Walsh honored to follow Longwell

Blair Walsh (Hannah Foslien/Getty)

Rookie kicker Blair Walsh said he would have liked the chance to learn from Ryan Longwell, but the Vikings made the decision to go with the younger leg. Now Walsh has the task of living up to that trust and fitting in with a kicking unit that had been together a long time.

Blair Walsh never had the chance to compete against Ryan Longwell to be Minnesota's kicker this season.

He didn't even get to meet him.

Yes, the job is already Walsh's, barring training camp trouble or the sudden availability of a too-good-to-pass-up alternative. The significance of this important, coveted position has not been lost on the rookie drafted by the Vikings in the sixth round out of Georgia.

"There are 32 of these jobs. To have one of them right now is exciting and humbling," Walsh said in a phone interview after the Vikings held their first spring practice, known around the league as organized team activities.

Walsh said he didn't step onto the field with any different feelings about being on top of the depth chart, which until earlier this month still listed Longwell's prominent name first. The 16-year veteran was let go earlier this month in a cost-cutting move. Despite a down 2011 season during which he made 22 of 28 field-goal attempts, Longwell recorded 633 points in six years with the Vikings. That's third in franchise history behind Fred Cox and wide receiver Cris Carter, and Cox was with the team for 15 seasons.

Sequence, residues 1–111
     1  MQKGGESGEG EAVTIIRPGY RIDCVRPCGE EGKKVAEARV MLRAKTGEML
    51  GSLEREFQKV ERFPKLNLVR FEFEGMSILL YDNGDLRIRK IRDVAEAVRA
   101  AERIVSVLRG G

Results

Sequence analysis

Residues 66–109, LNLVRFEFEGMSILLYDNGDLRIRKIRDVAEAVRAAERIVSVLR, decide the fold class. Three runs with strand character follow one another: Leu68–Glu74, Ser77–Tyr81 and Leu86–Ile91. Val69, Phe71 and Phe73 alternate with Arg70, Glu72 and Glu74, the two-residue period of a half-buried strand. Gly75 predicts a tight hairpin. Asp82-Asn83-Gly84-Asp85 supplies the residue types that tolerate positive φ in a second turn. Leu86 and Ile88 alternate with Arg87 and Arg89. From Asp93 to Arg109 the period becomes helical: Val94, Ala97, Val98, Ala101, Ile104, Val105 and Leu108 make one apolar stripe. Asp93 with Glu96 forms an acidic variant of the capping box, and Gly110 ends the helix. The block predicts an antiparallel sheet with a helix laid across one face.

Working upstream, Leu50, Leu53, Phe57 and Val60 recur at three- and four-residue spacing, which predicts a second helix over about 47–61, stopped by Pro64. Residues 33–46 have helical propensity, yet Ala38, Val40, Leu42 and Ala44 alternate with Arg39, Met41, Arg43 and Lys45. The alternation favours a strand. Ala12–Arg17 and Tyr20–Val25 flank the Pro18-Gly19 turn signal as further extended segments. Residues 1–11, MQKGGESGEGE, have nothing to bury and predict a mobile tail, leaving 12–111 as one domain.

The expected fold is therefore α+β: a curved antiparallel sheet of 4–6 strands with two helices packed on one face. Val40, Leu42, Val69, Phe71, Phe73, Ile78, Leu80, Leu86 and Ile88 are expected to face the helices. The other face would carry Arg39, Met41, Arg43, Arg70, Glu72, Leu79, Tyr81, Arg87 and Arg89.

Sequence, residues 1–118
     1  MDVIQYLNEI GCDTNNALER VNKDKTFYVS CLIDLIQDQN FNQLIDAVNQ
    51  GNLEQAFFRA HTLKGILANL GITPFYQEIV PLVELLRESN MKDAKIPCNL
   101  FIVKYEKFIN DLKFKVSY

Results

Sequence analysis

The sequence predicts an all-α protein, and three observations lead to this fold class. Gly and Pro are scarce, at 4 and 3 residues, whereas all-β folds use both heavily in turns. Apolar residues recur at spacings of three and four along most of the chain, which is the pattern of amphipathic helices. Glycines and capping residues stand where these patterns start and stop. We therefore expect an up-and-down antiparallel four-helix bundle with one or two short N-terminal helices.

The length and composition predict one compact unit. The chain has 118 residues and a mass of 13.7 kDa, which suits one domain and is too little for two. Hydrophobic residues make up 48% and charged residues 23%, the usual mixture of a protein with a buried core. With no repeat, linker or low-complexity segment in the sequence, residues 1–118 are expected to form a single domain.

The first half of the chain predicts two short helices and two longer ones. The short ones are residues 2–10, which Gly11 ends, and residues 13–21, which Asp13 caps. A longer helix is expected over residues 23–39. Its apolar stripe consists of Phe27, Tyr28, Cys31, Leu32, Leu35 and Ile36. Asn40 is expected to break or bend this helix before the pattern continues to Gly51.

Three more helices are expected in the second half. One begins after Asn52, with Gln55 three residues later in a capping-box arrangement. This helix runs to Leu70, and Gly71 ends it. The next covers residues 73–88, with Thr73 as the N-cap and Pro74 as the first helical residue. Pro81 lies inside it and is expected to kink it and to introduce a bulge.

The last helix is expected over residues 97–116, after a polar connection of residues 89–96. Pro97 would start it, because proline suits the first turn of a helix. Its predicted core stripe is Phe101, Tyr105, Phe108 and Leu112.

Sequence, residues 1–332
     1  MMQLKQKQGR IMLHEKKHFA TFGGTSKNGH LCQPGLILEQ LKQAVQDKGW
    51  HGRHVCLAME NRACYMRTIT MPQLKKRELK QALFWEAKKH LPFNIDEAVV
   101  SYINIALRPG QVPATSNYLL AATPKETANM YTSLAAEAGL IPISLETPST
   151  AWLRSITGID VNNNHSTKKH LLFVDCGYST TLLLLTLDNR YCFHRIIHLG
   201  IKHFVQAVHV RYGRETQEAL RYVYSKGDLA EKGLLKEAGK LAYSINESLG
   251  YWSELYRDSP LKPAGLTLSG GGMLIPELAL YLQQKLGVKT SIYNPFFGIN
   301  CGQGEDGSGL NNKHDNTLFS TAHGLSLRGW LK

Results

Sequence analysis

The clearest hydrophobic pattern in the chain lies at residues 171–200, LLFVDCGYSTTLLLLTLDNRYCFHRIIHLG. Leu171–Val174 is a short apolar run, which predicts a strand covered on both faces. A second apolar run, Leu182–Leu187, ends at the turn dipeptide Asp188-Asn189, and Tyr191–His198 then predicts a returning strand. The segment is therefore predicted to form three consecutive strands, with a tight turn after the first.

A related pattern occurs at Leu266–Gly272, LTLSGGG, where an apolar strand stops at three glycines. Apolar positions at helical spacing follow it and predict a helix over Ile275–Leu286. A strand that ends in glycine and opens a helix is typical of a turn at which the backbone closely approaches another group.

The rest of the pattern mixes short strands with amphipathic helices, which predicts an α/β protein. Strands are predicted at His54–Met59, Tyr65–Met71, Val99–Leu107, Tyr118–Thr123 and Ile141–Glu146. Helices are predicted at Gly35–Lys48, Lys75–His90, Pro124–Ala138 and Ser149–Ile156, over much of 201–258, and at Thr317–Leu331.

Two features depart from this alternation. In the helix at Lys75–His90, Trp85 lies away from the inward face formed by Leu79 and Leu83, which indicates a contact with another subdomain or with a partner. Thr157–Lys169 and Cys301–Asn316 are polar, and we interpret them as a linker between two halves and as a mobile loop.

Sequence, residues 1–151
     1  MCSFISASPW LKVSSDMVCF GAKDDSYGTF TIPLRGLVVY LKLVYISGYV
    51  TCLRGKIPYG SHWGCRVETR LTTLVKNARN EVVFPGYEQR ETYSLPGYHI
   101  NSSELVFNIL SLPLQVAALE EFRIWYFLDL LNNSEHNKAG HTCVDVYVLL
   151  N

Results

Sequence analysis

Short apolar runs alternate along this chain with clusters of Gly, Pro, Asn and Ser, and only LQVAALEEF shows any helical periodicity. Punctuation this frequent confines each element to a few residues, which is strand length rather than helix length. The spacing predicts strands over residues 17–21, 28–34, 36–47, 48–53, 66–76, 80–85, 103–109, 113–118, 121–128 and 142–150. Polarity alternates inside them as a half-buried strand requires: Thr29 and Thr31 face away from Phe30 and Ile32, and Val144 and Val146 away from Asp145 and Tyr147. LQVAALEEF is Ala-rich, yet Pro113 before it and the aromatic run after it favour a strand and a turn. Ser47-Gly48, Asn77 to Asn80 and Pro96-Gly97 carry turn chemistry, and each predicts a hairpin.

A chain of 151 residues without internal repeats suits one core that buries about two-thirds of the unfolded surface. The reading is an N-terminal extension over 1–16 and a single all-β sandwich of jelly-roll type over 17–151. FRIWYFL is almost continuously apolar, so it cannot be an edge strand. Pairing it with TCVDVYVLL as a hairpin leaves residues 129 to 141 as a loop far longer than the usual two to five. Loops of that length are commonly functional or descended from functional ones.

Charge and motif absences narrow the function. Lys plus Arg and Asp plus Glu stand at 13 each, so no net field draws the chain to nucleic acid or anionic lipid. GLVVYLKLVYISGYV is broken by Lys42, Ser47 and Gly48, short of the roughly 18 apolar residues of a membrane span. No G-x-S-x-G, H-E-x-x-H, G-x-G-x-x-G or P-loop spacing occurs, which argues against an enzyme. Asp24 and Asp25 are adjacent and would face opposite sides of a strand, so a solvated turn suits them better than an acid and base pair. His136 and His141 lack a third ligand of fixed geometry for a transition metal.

"To come in behind him and be able to play after him is a big honor. He has big shoes to fill, that's for sure," Walsh said. "I would like to have met him and learned from him, but it is what it is."

Walsh is a former soccer prodigy who once was part of the U.S. Olympic development program but became burnt out on that sport and switched to football as a sophomore in high school. He left college as the all-time leading scorer in Southeastern Conference history, though he slumped his senior year and made only 21 of 35 field goals. General manager Rick Spielman said recently the team wasn't concerned about his drop-off and expressed confidence that Walsh can be as reliable as Longwell.

"You look at the history: (Walsh) was a 90 percent kicker most of his career … and the kickoffs are exceptional from all the work that we've done on him," Spielman said.

With punter Chris Kluwe and long snapper Cullen Loeffler together with Longwell since he first signed with Minnesota in 2006, the Vikings had the longest-tenured special-teams trio in the league. They became close friends, too, making the comedy movie "Anchorman" their primary source of inside jokes.

Kluwe said earlier this month he realized the quick-replacement nature of the NFL, but that won't make him miss Longwell any less.

"We got along together great, and I think we functioned pretty well as a special teams unit, too," Kluwe said, recalling his favorite memory: "During a game our second year together, we went out to hit a field goal from 52 or 53 yards. Ryan caught it a little underneath, and I said ‘Get there' as the ball was in flight. He made the kick, and afterward he asked me, ‘Did you really just say ‘Get there'?' We started cracking up. Ever since then, that's been our phrase of choice whenever we don't hit it quite right."

Walsh said he's eager to join the clique.

"Some of my best friends in life are other kickers and punters and snappers. It's nice to have that common interest. I think these guys are very relatable," he said, before offering his own self-analysis: "I'm just a pretty normal guy. I'm not weird like the other kicker stereotypes out there. I like spending time with my friends and family. I like to golf. That's about it."

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